Full of affection and boding a calm and friendly demeanor, the Bloodhound is a breed loaded with love to give to others. A tough hound with a sternness to them, but able to be very silly and social, they are an interesting canine loaded with personality. While their reputation is not exactly a clear image of what type of dog they truly are, most imagine them to be a lazy pooch and they are the exact opposite in reality. Wonderful with interacting with little ones, the Bloodhounds are notable family pets. They are not very excited to be trained ever, but they do make excellent companions once you have their training completed as pups. Bloodhounds possess a fair amount of energy and can easily keep up with a daily run or walk.
Natural hunters, Bloodhounds are trail walking creatures. They adore an open field and can adjust to any temperature climate. Surprisingly, they are rather affectionate canines despite their stubborn ways. Drooling can be an issue as many opt for a different breed of dog when trying to maintain a very orderly home. Their long and droopy ears will need maintenance, and need cleaned on a regular basis to prevent any infections. They enjoy a cozy bed to sleep on and they do not require much care for their fur coats other than the occasional grooming that is needed for routine hygiene. They are not the most playful breed, even as puppies as their serious side shines through most of the time.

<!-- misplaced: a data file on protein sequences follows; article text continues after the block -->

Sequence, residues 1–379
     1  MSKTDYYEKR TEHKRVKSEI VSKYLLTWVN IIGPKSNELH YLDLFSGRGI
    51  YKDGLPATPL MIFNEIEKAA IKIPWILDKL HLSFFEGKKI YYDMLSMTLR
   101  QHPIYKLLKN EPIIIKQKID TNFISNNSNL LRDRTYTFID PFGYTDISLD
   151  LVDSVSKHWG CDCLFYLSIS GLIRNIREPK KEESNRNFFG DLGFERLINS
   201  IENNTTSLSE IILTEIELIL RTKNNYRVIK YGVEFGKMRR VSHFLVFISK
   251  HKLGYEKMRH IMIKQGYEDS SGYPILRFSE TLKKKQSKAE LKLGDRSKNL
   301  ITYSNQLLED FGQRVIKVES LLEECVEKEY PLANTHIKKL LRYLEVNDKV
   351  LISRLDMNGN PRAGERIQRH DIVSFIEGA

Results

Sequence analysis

Some areas for concern health wise when owning a Bloodhound are ectropion, gastric torsion and skin fold dermatitis. The skin can tend to have health ailments for the many folds and creases the Bloodhounds possess. An overactive thyroid can fall into play as they get older as well, but not for every Bloodhound. Scheduled routine testing recommended by the vet may be covering the dog's hips, elbows, vision and thyroid glands. Average lifespan of the Bloodhound is seven to ten years.
Dating back from what experts believe is the St. Hubert’s hound, the Bloodhound breed was founded roaming Europe many centuries ago. In 1066 it was a man named William the Conqueror expanded the breed by exposing it to the English population. Utilized as hunting dogs, the Bloodhounds were a favorite for many religious figures that used them to accompany them on the hunt. They are champion record holders in trailing for long distances and for the age of their trails as well. Quite some time ago, people thought the Bloodhounds were tainted in a way that their reputation for such exceptional trailing made them appear as if they were trailing for humans, by the scent of their blood. They are a growing breed as hunting dogs currently, but still have yet to reach fame as a well respected family pet. Their search and rescue efforts are quite impressive and they are rather sensitive and gentle canines when trained properly.